June 18th, 2015 10:24 am

First Posted: 4/28/2015

Charlotte Parsons grew up in Salisbury, Maryland, approximately 32 miles from Ocean City.

While seated at a table with a friend at a pier club in Ocean City one weekend in 1949, she spotted two sailors, wearing their white summer U.S. Navy uniforms. One of those sailors was 20-year-old Jack Spory, a Johnstown native and a sailor stationed at the Chincoteague (Virginia) Naval Air Station.

That was 66 years ago. The couple tells the story together now.

Charlotte said the sailors really didn’t have a good reputation for dating, and they weren’t known for longtime relationships. She said the town was flooded with sailors and they came into town quite frequently to pick up girls.

Charlotte said she didn’t have any inhibitions about meeting Jack, because “he and this guy walked over and sat with us and we talked and we danced.

“I was young and naïve,” said Charlotte. “I had not gone with anyone before that and he looked a normal guy and he looked nice to me. I wasn’t afraid of him…”

Jack interjected, “You missed one thing. He (my friend) came over and sat with you because I had gone to the powder room. So when I came out, I had to look for him (my friend) and there he was sitting with two girls,” he added.

Although he and his friend intended to sleep on the beach the night he met his sweetheart, Jack noted, “We decided our white suits would get too dirty from lying on the newsprint, so we hitchhiked back to the base, changed uniforms and then hitchhiked back to Ocean City.”

And so, the following day, when Charlotte and her friend went to the beach, Jack and his friend were there.

Hitchhiking, according to Charlotte, was Jack’s primary means of transportation throughout the 18 months they courted each other.

“He hitchhiked from the (Chincoteague Naval Base to Salisbury) almost every night to see me,” she said.

Jack said he had only been out on two or three dates prior to meeting Charlotte because his family didn’t own a car.

“I didn’t like taking a date on a trolley,” he said.

Their dating rituals included going to nightclubs to dance, an occasional movie and baseball. “She liked baseball. We went to the baseball games a couple of times,” said Jack, who played ball with a Navy team.

By early January, on their way back to Salisbury from a trip to Johnstown, they had already decided they would get married, but Charlotte said Jack didn’t want to tell anybody because “he said the boys at the base would tease him. We just decided we wanted to get married.”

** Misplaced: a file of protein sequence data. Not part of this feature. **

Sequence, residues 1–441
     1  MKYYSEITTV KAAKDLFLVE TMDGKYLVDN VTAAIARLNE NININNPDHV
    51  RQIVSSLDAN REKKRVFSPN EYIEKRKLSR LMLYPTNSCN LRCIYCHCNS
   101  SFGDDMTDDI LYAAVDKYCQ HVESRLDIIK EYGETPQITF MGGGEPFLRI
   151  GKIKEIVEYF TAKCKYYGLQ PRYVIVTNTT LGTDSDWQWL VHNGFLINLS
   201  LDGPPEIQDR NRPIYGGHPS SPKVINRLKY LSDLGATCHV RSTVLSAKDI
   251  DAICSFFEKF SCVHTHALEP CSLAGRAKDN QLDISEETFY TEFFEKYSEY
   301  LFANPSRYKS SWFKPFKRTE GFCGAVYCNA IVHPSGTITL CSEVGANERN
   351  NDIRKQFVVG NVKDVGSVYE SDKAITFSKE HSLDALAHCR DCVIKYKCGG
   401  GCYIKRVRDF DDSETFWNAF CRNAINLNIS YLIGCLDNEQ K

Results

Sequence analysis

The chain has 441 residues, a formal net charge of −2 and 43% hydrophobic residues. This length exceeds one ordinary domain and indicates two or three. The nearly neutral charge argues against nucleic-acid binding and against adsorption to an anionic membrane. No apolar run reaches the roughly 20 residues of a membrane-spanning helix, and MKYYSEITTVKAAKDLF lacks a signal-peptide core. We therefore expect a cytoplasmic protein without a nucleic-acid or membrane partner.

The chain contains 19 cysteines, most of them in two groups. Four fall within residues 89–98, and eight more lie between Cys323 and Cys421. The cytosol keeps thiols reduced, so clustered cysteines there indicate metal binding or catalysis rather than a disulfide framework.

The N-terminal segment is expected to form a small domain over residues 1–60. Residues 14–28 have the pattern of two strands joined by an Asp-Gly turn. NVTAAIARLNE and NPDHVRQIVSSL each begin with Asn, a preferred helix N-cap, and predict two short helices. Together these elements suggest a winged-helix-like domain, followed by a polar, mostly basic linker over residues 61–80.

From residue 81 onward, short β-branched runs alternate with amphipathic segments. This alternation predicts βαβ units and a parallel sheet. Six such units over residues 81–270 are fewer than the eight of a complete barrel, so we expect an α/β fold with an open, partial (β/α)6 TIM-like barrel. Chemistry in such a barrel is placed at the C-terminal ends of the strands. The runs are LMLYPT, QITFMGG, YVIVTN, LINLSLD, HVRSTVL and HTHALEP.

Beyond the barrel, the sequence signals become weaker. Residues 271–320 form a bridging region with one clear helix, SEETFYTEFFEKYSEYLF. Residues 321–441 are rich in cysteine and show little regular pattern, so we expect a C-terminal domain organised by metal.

On Jan. 16, 1950, after going to the courthouse to get their marriage license, they stopped at a nearby jewelry store and bought a set of rings.

“I think they were $175 and we paid for them on time. Things were a lot different back then,” Charlotte said. “I didn’t even tell my mother I was getting married until the day we went for our marriage license.”

They were married on Jan. 20, 1950, at the Wicomico Presbyterian Church in Salisbury.

“My father walked me down the aisle and only my family was there,” Charlotte said.

Jack added, “My parents didn’t come. My dad never had a car until he was 63 years old. He said he could have borrowed a car if he had known ahead of time we were getting married. My father was really perturbed.”

Charlotte and Jack began their married life together in Salisbury, living with Charlotte’s mother and father until the following March, when Jack was transferred to Jacksonville, Florida.

“We packed up everything we owned in a 1940 Chevrolet and went to Florida,” Charlotte said.

After Jack was discharged from the Navy in August 1951, the couple returned to Salisbury, where Jack attended college for a year. He completed his education at the University of Delaware and graduated in 1955.

Throughout their married life, they’ve lived in many different cities before settling in the Abingtons in July 1979.

They have four children: Michael, who resides in Virginia; Steven, of Maryland; Richard, of Scranton; and Penny Sepe, Newfoundland; eight grandchildren, six step-grandchildren and three great-grandchildren.

In 1994, they retired. Charlotte was employed by Sears for 19 years and Jack worked for CertainTeed.

Jack, 87, has been a member of the Waverly Masonic Lodge No. 301 for 57 years and 50 years with the Altoona Consistory. Charlotte, 85, is active with women’s groups of the First Presbyterian Church of Clarks Summit, where she served as vice moderator and moderator and also continues to help make “ugly quilts” for the homeless.

After 65 years together, Charlotte said of their marriage, “We’re used to each other and we love each other.”

“We take care of each other. I don’t know the definition of love, but I know what I like,” said Jack.